This week as seen the continued rise in the oil price, and there appears to be a solidity to it, even in the face of continued lockdowns in Europe and low activity levels elsewhere. The key question is, why? One word: realpolitik (practical politics), or as Henry Brooks Adams, scholar, historian and scion of the Adams political dynasty once noted:
“Practical politics consists in ignoring facts, but education and politics are two different and often contradictory things.”
In modern day times, realpolitik seems to be the politics of the mob, the politics of weakness, that is prompting the new Biden Presidency to inflict perhaps one of the worst crises of confidence on a single industry.
While Realpolitik is nothing new, what makes it more odious is the depth and breadth of Democrat misrepresentation of the benefits of the oil & gas sector to the states and federal programmes, that the lack of care of the policies’ implementation and the “ends justifying the means” support, it continues to be a bad omen for oil & gas.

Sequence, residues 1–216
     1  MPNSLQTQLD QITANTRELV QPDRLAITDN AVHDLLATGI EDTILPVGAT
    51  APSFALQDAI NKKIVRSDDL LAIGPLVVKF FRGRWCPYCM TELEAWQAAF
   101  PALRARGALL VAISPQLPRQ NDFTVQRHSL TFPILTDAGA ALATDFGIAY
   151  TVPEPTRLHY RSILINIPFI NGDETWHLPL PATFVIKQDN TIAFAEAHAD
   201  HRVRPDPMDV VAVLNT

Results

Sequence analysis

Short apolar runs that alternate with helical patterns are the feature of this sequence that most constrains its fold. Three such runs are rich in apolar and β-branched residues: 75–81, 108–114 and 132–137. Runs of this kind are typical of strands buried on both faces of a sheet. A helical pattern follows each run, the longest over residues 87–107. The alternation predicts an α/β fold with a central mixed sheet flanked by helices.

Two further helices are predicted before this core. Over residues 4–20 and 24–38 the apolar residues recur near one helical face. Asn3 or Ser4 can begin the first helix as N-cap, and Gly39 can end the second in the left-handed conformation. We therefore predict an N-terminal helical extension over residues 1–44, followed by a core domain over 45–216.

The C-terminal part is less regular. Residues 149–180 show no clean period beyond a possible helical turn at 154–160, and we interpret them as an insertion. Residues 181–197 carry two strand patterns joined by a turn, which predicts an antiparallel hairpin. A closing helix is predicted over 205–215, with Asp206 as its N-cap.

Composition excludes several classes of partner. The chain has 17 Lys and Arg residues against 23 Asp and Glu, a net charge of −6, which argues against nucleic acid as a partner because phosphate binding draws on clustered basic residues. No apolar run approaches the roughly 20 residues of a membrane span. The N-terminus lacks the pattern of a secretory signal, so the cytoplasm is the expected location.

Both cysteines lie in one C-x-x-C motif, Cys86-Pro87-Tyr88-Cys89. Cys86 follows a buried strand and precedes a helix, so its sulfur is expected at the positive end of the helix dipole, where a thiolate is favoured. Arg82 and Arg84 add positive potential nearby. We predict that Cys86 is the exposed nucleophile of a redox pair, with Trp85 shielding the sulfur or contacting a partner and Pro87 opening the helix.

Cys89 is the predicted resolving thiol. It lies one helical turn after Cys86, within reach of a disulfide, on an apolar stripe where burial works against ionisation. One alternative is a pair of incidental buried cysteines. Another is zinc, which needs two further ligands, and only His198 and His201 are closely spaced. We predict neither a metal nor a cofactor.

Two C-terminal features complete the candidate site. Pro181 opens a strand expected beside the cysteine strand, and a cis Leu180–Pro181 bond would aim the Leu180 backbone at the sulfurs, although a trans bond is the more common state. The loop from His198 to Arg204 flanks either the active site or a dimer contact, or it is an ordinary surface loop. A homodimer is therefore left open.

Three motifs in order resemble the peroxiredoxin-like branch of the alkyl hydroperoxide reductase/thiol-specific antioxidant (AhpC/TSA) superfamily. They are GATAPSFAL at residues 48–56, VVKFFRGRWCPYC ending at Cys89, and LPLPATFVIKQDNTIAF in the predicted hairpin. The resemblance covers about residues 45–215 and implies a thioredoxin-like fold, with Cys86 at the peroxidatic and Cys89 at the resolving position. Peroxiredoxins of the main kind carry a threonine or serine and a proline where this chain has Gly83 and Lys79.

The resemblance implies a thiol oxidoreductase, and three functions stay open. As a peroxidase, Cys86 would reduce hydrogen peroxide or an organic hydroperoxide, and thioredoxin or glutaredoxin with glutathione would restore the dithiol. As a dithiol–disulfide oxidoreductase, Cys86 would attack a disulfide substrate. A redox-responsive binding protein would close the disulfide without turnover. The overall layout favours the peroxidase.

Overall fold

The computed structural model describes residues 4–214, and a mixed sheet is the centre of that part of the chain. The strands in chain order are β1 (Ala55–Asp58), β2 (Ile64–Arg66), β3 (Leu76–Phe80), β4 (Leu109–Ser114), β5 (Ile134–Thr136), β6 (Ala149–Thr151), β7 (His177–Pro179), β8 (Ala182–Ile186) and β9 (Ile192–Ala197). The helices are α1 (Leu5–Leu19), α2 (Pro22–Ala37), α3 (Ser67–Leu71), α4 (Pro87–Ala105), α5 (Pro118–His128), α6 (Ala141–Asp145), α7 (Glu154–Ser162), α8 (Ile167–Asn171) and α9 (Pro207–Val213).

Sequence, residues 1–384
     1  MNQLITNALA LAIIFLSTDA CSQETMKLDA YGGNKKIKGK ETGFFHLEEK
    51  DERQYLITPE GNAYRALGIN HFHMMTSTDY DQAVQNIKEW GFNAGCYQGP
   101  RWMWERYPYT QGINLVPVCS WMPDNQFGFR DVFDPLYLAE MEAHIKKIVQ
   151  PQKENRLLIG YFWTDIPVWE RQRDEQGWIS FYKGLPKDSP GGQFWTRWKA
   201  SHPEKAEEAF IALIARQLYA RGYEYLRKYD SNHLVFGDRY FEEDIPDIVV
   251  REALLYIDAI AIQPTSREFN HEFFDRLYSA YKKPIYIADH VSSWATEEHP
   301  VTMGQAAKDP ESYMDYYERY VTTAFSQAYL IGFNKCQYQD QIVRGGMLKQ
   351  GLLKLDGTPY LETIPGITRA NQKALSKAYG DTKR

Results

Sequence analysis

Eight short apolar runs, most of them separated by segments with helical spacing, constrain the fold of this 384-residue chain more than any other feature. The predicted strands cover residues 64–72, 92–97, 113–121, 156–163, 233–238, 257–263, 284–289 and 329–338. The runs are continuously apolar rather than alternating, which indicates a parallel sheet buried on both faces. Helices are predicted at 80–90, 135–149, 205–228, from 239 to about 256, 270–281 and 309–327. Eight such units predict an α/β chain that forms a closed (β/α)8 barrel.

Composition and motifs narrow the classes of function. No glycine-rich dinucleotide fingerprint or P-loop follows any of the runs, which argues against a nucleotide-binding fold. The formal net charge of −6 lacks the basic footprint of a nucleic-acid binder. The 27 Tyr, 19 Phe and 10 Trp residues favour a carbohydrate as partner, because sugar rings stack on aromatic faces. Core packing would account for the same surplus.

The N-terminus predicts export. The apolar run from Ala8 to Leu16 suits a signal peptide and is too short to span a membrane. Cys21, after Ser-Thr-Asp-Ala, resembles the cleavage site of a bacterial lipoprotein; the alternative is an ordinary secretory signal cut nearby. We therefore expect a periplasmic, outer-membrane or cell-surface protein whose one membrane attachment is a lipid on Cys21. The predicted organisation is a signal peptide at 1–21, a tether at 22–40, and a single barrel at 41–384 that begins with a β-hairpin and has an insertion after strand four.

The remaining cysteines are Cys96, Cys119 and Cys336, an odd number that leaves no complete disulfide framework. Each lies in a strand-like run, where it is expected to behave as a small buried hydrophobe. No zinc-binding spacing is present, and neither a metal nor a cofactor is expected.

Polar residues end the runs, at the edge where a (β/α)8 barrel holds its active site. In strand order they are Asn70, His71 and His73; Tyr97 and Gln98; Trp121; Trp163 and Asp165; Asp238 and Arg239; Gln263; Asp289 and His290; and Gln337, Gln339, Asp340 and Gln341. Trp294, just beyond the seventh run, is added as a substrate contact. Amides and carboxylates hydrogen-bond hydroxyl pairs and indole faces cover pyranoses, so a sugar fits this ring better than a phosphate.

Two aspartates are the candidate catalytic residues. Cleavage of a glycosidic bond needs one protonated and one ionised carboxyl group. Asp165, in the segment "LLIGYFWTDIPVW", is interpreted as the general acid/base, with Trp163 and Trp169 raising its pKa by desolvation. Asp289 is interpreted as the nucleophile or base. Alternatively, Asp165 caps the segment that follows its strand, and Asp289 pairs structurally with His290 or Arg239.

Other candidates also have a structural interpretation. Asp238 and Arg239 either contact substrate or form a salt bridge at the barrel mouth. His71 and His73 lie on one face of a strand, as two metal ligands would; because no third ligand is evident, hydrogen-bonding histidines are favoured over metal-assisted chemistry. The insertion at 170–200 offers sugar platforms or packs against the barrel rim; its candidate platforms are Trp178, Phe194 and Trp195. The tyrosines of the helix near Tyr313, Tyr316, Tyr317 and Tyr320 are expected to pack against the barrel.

What makes this concern complete is the paucity in scrutiny, from political opponents or the press, that is creating a vacuum in moral leadership in US politics that risks damming oil & gas in the US for a generation. It isn’t that the US consistent in its application.
The Biden presidency has spoken of its internationalist agenda, but Keystone XL plays purely to the Democrat audience. The indecent haste in the cancellation of the Keystone XL pipeline, not only costing US jobs, but directly impacting Canada’s oil patch, its closest trading partner, is evidence of that.
Interesting times – bad for the US, poor for Canada, but a boon for the international sector.
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